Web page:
How Edward Jones is helping them think about what the next four stages will look like
Edward Jones is addressing what its surveys show are the four new phases of Canadians’ retirement, which are considerably different than those of previous generations.
“We have an intimate understanding of the new retirement in Canada and can help Canadians prepare for each stage of that journey,” David Gunn, president of Edward Jones Canada, told Wealth Professional.
The second study that Edward Jones’ has done with Age Wave, called “Longevity in the New Journey of Retirement”, showed several changes in how Canadians are approaching retirement.
Read more: Edward Jones’ focus
First, most are no longer anticipating a specific retirement date. While, they historically saw 65 as a time to rest and relax, many no longer have defined benefit plans. So, 60% now are planning to work part-time in retirement, so it’s not so much a retirement as a period of reinvention.
“Maybe a silver lining of the pandemic is that many individuals are rethinking what really matters to them and how they want to spend retirement and what they value,” said Gunn. “Some of the change is because of money reasons, but more is from their desire to reinvent themselves and do something that they really want to do or are passionate about, and they’re continuing to work part-time to fund that in retirement.”
Gunn noted this study showed that there now are four phases to Canadians’ retirement. The first begins about 10 years before retirement. The second is for two years after retirement. The third lasts from three to 14 years after retirement, and the final is the last 15 years – though Gunn noted there can often be seven to eight years where individuals have significant health concerns.
“We’ve discovered how people feel, the questions they’re asking, and the behaviours in each of these stages, so we’re really working on training our advisors with all of this information, so they can bring the most value when meeting with someone who may be ten years away from potential retirement, but then will be going through each of those stages.”
Gunn said Edward Jones has developed six to eight key questions that it’s training its advisors to ask at each stage. “That’s what we call discovery and rediscovery,” he said. “We want to really learn what’s important to each client at each stage.”
In the first – anticipation – stage, advisors are asking clients: how will they cover their health costs in retirement? Should they consider long-term care insurance? Do they need to catch up financially? What do they need to learn about living in retirement? How do their partners and them reconcile any difference in their plans?
“Having those health conversations even 10 years before retirement is really important,” said Gunn.
After the two-year "liberation" phase, clients also need to prepare for the longer third "reinvention" phase. Gunn said Edward Jones advisors now are asking clients: what have they put off doing that they really enjoy? Are they doing everything they can to maintain and improve their health? Are they spending the right amount of time with their children or grandchildren? And, finally, what could they be doing to make more of a difference for others in this period of their life?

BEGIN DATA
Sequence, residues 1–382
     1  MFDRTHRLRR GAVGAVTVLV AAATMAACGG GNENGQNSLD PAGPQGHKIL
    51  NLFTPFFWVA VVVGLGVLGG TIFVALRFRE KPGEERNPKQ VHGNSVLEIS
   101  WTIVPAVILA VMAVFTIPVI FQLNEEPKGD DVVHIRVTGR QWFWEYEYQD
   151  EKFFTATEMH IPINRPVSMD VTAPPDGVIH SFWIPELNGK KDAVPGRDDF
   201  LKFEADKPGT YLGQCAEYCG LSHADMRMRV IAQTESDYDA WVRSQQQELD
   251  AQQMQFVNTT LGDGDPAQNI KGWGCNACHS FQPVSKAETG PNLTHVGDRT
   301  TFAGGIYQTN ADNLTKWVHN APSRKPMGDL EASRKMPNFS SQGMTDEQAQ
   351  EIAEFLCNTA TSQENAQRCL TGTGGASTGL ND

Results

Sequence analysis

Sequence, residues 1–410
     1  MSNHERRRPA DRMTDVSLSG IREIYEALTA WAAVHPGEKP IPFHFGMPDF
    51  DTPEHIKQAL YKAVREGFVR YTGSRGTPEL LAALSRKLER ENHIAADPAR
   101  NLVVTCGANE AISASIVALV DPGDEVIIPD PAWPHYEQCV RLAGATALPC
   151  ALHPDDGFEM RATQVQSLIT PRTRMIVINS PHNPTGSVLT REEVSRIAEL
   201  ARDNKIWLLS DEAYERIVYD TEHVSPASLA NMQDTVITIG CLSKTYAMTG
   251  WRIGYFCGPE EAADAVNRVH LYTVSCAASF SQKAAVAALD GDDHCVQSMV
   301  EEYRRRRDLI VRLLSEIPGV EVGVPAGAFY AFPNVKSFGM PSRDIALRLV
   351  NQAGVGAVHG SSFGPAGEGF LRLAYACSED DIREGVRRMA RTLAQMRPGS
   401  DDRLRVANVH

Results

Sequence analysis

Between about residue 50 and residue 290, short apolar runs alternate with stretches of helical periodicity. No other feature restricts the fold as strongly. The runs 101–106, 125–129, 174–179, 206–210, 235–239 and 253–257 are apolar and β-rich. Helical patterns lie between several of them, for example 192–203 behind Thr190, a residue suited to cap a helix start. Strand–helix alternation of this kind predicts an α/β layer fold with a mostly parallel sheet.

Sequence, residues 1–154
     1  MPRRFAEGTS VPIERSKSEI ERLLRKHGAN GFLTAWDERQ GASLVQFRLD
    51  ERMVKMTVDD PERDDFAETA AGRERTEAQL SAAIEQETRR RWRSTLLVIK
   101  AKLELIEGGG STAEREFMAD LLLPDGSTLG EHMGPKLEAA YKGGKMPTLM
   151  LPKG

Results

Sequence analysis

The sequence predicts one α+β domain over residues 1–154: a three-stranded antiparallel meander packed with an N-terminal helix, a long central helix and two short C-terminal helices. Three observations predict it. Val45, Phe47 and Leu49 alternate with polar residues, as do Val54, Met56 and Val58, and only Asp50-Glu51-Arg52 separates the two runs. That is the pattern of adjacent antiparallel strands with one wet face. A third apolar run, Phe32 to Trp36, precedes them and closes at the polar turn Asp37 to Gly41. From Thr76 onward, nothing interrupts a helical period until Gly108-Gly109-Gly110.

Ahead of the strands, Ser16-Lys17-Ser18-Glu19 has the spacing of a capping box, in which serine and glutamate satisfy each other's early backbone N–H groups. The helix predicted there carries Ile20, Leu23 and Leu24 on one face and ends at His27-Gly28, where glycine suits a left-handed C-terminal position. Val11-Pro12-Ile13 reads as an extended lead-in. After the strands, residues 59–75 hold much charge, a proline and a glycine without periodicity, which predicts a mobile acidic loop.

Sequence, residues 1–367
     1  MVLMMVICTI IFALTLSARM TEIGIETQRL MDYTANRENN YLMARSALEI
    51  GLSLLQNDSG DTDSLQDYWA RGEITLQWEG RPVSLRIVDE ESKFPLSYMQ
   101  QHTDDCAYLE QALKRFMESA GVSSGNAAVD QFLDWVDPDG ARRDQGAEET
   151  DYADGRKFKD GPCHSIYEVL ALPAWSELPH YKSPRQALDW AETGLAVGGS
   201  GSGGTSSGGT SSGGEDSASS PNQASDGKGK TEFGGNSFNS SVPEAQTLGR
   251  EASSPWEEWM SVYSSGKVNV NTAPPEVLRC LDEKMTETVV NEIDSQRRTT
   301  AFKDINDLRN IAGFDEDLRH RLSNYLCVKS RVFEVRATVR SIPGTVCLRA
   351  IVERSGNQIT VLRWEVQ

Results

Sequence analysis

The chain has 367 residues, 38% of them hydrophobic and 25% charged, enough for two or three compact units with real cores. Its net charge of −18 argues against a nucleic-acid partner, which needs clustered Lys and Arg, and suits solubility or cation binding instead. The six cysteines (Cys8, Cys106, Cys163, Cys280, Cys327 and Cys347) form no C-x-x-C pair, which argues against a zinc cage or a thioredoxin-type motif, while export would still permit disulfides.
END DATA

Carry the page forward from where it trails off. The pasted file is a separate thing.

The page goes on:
“The discussions around purpose are interesting and really inspiring,” said Gunn. “But, it’s also a great conversation for a financial advisor to have with clients in that stage because, in many cases, clients aren’t having those conversations with anyone, and we see that as a big part of our role.”
Finally, in the fourth "reflection and resolution" stage, advisors are asking their clients: do their current living arrangements provide the right mix of independence, including available care and social connection? Have they completed their basic legacy documents? What are their end-of-life preferences? And have they discussed those with their families?
“It gets really personal, but these are really important questions to ask,” said Gunn. “I think they add the most valuable possible to those deep, personal, trusting relationships with clients.”
Read more: How are you preparing your clients for vulnerable old age?
What was a real eye-opener for him in the study, though, was that while “80% of retirees have a will, only 51% have a power of attorney, and only 30% have health care directives. Only 22% have all three. That’s a big opportunity, but it’s also kind of scary.”
Gunn noted that the desire to have these conversations has markedly increased, possibly because of the pandemic, and advisors are finding these very rich conversations, especially since some clients have never been asked these questions before. “It’s very, very powerful,” he said. “I think it really makes a huge impact for clients across Canada.”
Retirement is more complex than two to three decades ago, when Gunn said clients could save 10% of their income and expect to live on 70% of their pre-retirement income. Taking new paths requires more extensive planning, “so we’re arming our financial advisors with the questions to ask to uncover that”.
Edward Jones is also prioritizing its Canadian advisory program, which is a discretionary fee-based offering. He said its $15 million investment is “one of the more significant investments we’ve made in the Canadian business” so clients can have these conversations plus wealth management where they don’t have to be directly involved in the trading.
“Retirement can be overwhelming, with many Canadians not knowing where to start. I would say it’s never too early to start and never too late to recalibrate,” said Gunn. “We bring a personalized understanding of the new retirement. It’s a different, way different, journey than it was 10, 20, or 30 years ago, and we’re excited to partner with Canadians on that new journey.”